Figure 11: The force exerted on the carbon atoms in a benzene molecule was fit using 100 out of the 1200 configurations in a 100-ns molecular dynamics trajectory at 0.5 ns time step size. Color coding corresponds to carbon atom id, while crosses indicate the atomistic configurations used in the GPR training.

5 Connection to Other Fingerprint Algorithms

In Figure 12, we compare the ability to distinguish atomistic configurations of our fingerprint as well as SOAP and the Coulomb matrix. Our work is inspired by the SOAP descriptor [12], which proposes the use of smoothed densities to represent atomistic neighborhoods. However, instead of converting the density field into the frequency domain using spherical harmonics, we perform density field sampling and comparison directly in the real space. This is enabled thanks to the available of canonical coordinate frame as computed through the kernel minisum optimization. We have mainly used the norm to compute the distance between atomistic neighborhoods. However, our fingerprint exhibits very similar behavior to SOAP when used together with an inner product formula


as demonstrated in Figure 12A. Thus, our fingerprint could be used in conjunction with a wide variety of covariance functions based on either the Euclidean distance or the inner product similarity.

Figure 12: A comparison between the distance measure used DECAF, SOAP, and the Coulomb matrix. Fingerprint distances shown in the plots are measured against in (A) and an randomly chosen initial state in (B).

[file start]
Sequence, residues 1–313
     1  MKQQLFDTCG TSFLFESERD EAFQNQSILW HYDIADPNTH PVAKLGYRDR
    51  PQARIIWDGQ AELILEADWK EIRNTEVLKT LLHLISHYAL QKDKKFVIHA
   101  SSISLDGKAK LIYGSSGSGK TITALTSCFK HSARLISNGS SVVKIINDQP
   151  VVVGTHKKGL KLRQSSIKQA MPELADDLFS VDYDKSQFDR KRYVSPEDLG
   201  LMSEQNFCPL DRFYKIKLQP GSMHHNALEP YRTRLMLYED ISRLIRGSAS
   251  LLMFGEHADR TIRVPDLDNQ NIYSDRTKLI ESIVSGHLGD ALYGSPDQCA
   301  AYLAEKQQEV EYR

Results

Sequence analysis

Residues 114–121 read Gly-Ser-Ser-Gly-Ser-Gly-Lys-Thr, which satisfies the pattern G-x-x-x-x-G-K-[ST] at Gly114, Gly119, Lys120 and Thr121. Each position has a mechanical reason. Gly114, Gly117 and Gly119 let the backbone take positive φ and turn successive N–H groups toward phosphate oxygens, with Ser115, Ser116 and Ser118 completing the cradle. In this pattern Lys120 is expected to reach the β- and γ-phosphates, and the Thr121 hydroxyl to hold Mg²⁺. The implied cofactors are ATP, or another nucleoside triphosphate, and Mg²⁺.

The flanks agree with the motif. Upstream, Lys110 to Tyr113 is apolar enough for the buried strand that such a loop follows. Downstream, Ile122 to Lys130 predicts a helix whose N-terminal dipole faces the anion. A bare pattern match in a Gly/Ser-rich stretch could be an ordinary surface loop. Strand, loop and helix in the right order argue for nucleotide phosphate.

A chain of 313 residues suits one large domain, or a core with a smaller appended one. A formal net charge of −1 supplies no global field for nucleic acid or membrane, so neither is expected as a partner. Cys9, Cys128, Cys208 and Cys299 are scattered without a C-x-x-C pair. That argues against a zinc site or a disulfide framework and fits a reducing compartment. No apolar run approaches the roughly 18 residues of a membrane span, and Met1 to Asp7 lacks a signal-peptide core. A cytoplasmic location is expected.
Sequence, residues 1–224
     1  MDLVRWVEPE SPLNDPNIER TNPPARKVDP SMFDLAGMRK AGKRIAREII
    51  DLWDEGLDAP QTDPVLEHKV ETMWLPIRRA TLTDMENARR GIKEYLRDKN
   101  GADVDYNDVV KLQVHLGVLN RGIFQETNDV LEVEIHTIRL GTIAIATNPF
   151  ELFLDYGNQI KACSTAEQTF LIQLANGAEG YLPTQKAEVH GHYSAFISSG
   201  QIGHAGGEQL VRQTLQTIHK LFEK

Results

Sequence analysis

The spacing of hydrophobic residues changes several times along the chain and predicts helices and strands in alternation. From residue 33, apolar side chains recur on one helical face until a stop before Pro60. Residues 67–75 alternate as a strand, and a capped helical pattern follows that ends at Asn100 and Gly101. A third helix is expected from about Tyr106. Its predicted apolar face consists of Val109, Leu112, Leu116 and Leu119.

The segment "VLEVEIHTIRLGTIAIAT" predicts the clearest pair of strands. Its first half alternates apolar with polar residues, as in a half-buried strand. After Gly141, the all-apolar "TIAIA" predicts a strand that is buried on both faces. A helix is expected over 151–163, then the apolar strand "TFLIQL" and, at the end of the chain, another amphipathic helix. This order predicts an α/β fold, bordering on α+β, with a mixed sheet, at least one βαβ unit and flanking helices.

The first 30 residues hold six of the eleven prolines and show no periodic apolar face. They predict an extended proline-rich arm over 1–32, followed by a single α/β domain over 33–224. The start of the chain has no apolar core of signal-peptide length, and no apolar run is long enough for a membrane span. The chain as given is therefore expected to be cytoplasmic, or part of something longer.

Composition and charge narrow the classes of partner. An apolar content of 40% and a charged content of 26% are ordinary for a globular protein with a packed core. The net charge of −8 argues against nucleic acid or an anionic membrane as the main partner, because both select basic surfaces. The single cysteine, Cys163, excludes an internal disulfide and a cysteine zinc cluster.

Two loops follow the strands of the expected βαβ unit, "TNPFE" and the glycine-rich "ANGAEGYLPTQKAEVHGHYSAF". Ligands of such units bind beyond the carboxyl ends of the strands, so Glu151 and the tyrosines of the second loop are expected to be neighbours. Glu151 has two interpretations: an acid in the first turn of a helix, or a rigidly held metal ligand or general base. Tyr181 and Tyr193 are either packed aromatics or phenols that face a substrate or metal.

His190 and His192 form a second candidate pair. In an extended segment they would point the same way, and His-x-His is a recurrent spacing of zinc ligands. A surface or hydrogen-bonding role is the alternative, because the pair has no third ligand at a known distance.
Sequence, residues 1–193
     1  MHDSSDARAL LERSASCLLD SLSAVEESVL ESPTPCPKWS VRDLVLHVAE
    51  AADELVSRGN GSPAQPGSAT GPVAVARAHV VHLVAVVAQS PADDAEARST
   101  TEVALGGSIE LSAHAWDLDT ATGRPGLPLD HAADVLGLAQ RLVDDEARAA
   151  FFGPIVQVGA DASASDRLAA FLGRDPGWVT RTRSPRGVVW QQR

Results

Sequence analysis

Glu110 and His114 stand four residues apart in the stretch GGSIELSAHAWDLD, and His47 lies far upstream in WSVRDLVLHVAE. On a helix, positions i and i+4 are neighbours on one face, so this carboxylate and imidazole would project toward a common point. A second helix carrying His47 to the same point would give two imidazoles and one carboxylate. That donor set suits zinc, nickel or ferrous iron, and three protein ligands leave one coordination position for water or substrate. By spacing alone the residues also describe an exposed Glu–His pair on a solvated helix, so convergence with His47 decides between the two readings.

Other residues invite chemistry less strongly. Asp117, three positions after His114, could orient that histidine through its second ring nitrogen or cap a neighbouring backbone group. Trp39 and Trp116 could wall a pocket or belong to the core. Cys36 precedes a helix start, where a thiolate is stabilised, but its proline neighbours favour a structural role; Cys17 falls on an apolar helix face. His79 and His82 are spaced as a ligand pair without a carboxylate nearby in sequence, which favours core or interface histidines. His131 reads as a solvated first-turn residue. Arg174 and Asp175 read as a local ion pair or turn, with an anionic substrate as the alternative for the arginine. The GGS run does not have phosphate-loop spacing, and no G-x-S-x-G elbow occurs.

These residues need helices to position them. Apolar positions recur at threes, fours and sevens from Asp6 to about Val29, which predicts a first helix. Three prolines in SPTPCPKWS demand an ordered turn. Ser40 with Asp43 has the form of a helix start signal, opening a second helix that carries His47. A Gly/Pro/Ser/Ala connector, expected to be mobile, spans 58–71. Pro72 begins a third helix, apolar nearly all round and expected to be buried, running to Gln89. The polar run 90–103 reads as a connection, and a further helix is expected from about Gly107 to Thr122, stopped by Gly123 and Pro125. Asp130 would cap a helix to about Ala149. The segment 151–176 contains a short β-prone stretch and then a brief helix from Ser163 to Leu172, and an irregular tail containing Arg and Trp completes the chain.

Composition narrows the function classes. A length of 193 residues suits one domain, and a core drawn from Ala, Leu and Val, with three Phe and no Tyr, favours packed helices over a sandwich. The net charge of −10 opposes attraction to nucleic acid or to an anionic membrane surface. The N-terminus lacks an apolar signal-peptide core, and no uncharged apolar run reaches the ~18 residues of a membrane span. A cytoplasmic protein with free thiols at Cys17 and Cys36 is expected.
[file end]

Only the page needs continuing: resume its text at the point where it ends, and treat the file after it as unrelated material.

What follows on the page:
At first sight, DECAF is very different from the Coulomb matrix fingerprint and GRAPE, which are both graph-based algorithms [17, 18]. However, instead of trying to capture the overall density field, if we measure the contribution from each individual atom on the quadrature nodes at as a row vector, and stacked up the results to yield the matrix


Then can be regarded as an incidence matrix [30] between atoms and the quadrature nodes. This is similar to the graph-based abstraction as seen in the Coulomb matrix and the GRAPE kernel. However, in both cases the vertices in the graph represent atoms while the edges represent pairwise interatomic interactions. Here, the density-based incidence matrix adopts the opposite pattern and constructs a graph with the quadrature nodes being vertices and atoms being edges. The adjacency matrix in this case is computed as the inner product :


The weight on the edges, as represented by the elements of the adjacency matrix , can be interpreted as the total flux as contributed by all paths each bridged by an atom . We have numerically found that the smallest eigenvalues (except for the 0 eigenvalue) of the symmetric normalized Laplacian


is invariant under rotation up to a certain noise level, even if the quadrature nodes do not rotate with the atoms. Nonetheless, this detour appears to represent a pure theoretical interest rather than any practical value.

Figure 13: A comparison between graph-based molecular fingerprints. The Coulomb Matrix and the GRAPE kernel construct graphs where nodes corresponds to atoms while the weights on the edges are determined by some pairwise inter-atomic interactions. In contrast, in the density-based incidence matrix we construct a graph on a set of quadrature nodes whose connectivity is weighted by a sum of contributions from individual atoms.

6 Conclusion